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Describe the term DMZ.
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DMZ:

  • DMZ is a Demilitarized zone, is a physical or logical sub-network that separates an internal local area network (LAN) from other untrusted networks, usually the Internet.
  • De-Militarized Zone (DMZ) is a special local network configuration designed to improve security by segregating computers on each side of a firewall.
  • A DMZ can be set up either on home or business networks, although their usefulness in homes is limited.
  • In a home network, computers and other devices normally are configured into a local area network (LAN) connected to the Internet via a broadband router.
  • The router serves as a firewall, selectively filtering traffic from the outside to help ensure only legitimate messages pass through.
  • A DMZ divides splits such a network into two parts by taking one or more devices inside the firewall and moving them to the outside. This configuration better protects the inside devices from possible attacks by the outside (and vice versa).
  • A DMZ is useful in homes when the network is running a server. The server could be set up in a DMZ so that Internet users could reach it via its own public IP address, and the rest of the home network was protected from attacks in cases where the server was compromised.
  • There are various ways to design a network with a DMZ. The two most common methods are with a single or dual firewalls.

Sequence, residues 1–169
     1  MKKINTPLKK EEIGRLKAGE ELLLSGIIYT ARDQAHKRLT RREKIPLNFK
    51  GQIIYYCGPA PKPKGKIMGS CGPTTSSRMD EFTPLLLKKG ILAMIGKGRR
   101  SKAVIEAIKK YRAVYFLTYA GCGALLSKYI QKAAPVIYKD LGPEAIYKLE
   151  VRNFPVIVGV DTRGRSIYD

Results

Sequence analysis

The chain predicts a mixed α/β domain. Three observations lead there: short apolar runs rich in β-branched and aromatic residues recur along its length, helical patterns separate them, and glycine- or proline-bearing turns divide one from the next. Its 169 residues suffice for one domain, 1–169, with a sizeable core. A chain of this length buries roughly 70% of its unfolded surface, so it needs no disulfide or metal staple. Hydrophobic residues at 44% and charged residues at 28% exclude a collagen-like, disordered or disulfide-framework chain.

• These architectures can be expanded to create very complex architectures depending on the network requirements.
  • A single firewall with at least three network interfaces can be used to create a network architecture containing a DMZ.
  • The external network is formed from the ISP to the firewall on the first network interface, the internal network is formed from the second network interface, and the DMZ is formed from the third network interface.
  • Different sets of firewall rules for traffic between the Internet and the DMZ, the LAN and the DMZ, and the LAN and the Internet tightly control which ports and types of traffic are allowed into the DMZ from the Internet, limit connectivity to specific hosts in the internal network, and prevent unrequested connections either to the Internet or the internal LAN from the DMZ.
  • A more secure approach is to use two firewalls to create a DMZ. The first firewall also called the perimeter firewall is configured to allow traffic destined to the DMZ only.
  • The second or internal firewall only allows traffic from the DMZ to the internal network. This is considered more secure since two devices would need to be compromised before an attacker could access the internal LAN.
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